This opinion will be unpublished and

may not be cited except as provided by

Minn. Stat. § 480A.08, subd. 3 (2004).





State of Minnesota,


Sir Charles McCurtis,


Filed August 2, 2005


Stoneburner, Judge


Hennepin County District Court

File No. 0305656986


Mike Hatch, Attorney General, Suite 1800, Bremer Tower, 445 Minnesota Street, St. Paul, MN 55101-2134; and


Amy Klobuchar, Hennepin County Attorney, Michael K. Walz, Assistant County Attorney, C-2000 Government Center, Minneapolis, MN 55487 (for respondent)


John M. Stuart, Minnesota Public Defender, Theodora Gaïtas, Assistant Public Defender, Suite 425, 2221 University Avenue Southeast, Minneapolis, MN 55414 (for appellant)


            Considered and decided by Hudson, Presiding Judge; Stoneburner, Judge; and Dietzen, Judge.

U N P U B L I S H E D  O P I N I O N




            Appellant Sir Charles McCurtis challenges his conviction of felon in possession of a firearm and gross-misdemeanor possession of a pistol without a permit, arguing that the evidence was obtained as a result of an unconstitutional seizure and the district court erred by denying his motion to suppress.  Because, under the totality of the circumstances, officers had reasonable articulable suspicion to make an investigatory stop of appellant, we affirm.



            On the relevant date, Officer John Biederman and Sergeant Andrew Schmidt of the Minneapolis Police Department were on foot patrol in downtown Minneapolis dressed in “raid gear” that clearly identified them as police.  Just after bar closing, Schmidt received a dispatch report of an anonymous tip[1] that there was a man with a gun in the Gay 90’s parking lot.  The suspect was described as a black male wearing a blue and white hat and blue jeans. 

            Biederman and Schmidt began walking toward the parking lot, and Schmidt saw two men, with clothes similar to those described by the tipster, walking with another man.  Schmidt knew all three by name: Adam Moore, DeMario Booker, and Sir Charles McCurtis, appellant.  Schmidt had spoken with Moore and Booker earlier in the evening.  Moore was wearing a blue hat and blue jeans.  Appellant was wearing a black, silver, and white hat and dark pants with a white stripe. 

            Schmidt knew that all three had histories of activity with the Mickey Cobras gang, a faction of the Vice Lords gang.  And Schmidt knew that Moore and appellant had been previously arrested while carrying firearms.  Schmidt pointed the three out to Biederman and called out something like, “Hey guys, come here” to the three men.  The officers testified that in their experience it was common for someone in a group to pass a weapon or other contraband to another member of the group, therefore they decided to investigate all three men in this group.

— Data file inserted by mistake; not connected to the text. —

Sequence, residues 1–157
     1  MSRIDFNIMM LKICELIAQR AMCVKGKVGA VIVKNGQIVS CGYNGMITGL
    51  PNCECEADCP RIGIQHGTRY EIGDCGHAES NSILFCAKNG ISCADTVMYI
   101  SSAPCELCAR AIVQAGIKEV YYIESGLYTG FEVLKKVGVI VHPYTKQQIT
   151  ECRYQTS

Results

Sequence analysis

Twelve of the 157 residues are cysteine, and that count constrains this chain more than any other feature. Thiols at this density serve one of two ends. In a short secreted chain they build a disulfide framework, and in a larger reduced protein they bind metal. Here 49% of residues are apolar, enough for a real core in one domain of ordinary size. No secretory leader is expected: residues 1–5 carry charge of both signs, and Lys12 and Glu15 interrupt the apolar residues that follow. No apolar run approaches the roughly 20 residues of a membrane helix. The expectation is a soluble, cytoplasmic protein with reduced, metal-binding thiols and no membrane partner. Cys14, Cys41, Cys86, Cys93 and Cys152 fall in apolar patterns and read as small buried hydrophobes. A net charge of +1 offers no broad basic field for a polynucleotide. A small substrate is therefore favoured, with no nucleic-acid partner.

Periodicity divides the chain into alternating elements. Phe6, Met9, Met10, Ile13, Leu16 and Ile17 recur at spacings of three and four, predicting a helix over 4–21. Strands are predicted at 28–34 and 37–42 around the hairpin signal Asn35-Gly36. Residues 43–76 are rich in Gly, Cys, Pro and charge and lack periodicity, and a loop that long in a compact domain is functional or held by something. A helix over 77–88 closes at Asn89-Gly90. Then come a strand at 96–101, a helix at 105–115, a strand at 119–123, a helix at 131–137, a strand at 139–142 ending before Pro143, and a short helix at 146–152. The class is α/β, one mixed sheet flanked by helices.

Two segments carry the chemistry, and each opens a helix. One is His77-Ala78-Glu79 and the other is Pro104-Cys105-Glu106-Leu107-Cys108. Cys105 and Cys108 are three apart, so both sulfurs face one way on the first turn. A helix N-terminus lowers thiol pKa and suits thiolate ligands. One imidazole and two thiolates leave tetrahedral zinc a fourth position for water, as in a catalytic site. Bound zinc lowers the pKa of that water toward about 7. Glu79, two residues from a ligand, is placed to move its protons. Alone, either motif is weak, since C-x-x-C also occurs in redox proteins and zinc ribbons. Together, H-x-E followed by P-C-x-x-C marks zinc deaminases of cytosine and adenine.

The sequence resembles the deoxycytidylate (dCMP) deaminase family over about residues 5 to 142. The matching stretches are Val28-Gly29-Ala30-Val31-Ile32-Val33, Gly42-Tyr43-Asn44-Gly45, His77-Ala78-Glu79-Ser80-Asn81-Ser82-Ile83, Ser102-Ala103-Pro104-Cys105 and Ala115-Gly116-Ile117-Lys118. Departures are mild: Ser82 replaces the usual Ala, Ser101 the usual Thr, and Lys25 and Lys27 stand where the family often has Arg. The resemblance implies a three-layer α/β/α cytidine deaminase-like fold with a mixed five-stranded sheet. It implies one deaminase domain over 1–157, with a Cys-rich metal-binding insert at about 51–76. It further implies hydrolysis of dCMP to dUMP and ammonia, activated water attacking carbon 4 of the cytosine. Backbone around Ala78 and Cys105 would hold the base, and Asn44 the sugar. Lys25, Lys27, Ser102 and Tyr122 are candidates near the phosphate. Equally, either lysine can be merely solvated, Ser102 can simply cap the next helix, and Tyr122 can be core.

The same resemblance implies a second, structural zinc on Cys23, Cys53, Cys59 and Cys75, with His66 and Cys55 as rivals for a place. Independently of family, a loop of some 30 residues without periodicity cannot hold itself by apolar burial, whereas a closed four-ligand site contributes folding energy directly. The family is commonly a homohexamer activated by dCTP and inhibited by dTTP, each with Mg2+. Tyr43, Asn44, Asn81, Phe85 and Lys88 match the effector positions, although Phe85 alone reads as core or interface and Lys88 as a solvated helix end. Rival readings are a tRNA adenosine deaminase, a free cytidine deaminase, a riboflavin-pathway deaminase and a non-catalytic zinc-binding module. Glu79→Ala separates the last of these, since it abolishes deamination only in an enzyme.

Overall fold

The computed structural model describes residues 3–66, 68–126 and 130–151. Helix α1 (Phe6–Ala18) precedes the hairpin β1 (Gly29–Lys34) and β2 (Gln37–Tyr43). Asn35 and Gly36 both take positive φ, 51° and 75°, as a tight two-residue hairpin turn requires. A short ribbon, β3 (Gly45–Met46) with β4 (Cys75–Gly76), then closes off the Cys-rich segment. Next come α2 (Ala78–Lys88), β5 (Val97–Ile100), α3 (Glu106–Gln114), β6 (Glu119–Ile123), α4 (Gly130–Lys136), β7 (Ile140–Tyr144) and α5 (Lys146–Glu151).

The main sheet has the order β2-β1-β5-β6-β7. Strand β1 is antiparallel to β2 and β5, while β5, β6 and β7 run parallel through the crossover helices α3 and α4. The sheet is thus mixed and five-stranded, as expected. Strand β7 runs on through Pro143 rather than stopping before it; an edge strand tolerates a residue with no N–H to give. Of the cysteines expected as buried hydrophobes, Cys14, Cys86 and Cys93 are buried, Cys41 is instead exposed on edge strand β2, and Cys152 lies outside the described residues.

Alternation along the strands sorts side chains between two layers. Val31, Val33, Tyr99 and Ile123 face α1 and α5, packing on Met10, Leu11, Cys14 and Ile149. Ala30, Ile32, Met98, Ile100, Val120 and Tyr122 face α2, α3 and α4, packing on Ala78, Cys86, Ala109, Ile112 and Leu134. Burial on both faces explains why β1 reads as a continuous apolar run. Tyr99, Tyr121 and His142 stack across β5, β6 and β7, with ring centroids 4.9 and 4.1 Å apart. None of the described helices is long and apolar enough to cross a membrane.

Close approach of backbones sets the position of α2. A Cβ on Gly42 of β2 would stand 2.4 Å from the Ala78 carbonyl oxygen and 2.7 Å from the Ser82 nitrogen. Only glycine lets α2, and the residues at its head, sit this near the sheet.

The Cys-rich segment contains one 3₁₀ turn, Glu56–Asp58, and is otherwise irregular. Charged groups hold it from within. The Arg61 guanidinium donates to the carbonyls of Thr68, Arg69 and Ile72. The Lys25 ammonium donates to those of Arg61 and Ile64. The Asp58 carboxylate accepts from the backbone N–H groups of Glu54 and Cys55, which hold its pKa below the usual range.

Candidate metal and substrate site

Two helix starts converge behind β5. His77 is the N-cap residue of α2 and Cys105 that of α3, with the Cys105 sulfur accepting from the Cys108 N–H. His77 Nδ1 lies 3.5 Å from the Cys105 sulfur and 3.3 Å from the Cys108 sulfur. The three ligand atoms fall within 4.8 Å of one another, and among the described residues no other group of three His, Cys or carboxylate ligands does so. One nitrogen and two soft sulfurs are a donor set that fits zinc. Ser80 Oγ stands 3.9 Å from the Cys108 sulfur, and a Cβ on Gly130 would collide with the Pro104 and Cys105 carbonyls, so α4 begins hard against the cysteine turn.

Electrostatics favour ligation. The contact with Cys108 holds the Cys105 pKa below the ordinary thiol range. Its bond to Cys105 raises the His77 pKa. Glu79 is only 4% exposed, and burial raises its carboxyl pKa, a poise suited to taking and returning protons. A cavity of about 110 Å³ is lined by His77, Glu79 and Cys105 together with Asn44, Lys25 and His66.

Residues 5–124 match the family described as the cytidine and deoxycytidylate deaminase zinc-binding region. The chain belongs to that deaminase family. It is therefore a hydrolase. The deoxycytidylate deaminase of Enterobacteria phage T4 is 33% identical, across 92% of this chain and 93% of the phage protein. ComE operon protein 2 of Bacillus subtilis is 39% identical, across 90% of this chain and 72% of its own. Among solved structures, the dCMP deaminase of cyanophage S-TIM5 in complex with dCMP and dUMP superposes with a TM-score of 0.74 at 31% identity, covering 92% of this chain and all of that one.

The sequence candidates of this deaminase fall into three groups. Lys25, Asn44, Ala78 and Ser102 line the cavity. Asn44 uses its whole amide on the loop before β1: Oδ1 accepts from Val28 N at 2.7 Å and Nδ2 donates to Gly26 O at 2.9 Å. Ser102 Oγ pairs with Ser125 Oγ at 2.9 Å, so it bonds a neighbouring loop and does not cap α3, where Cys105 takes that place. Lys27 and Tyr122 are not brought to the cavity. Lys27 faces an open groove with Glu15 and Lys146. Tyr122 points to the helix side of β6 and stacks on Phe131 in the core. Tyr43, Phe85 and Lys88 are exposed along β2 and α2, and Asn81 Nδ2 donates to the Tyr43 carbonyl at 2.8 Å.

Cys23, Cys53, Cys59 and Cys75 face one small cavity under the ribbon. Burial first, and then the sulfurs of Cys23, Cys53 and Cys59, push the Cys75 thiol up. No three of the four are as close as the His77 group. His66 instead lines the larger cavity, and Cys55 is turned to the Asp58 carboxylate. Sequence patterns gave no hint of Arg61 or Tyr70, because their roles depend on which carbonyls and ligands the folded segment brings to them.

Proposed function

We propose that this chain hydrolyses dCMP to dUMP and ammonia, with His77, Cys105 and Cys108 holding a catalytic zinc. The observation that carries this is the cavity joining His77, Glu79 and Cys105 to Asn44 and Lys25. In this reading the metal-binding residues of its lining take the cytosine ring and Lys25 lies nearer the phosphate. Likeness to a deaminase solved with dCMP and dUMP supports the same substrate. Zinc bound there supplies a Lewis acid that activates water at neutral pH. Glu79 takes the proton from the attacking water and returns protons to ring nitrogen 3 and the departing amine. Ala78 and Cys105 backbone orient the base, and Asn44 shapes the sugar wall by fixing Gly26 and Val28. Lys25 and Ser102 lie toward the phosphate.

Moore came toward Schmidt, but appellant and Booker walked away from the officers at a faster pace.  Schmidt had specific training in Minneapolis gang activity from having supervised the Gang Strike Force.  He was surprised that Booker did not respond to his request because he, Moore, and Booker knew each other, Moore and Booker usually approached Schmidt when they saw him, and the three had talked earlier in the evening.

            Biederman, who also recognized Moore and Booker and was aware that they were “fairly serious gang members” from Minneapolis who had been “arrested a number of times for violent crimes, including crimes involving handguns” went after Booker and appellant.  Biederman identified himself as a police officer, and when they failed to stop, grabbed them by their clothing.  Booker stopped.  Appellant continued forward and as Biederman pulled on his jacket, appellant spun around toward Biederman with a handgun in his hand.  Appellant dropped the handgun, which hit Biederman’s thigh then dropped to his foot.  Schmidt heard a “clang” and saw a handgun at Biederman’s feet.  Appellant, who was within a foot of Biederman when the gun dropped, spun away and fled, running north on Hennepin Avenue.  Biederman picked up the gun and chased appellant.

            Officer Heidi Weeks, who was also in the vicinity and had heard the dispatch, saw Biederman grab appellant and saw appellant running away.  She joined in the pursuit and ordered appellant to stop, but he continued to run, removing his jacket and throwing it on the ground as he ran.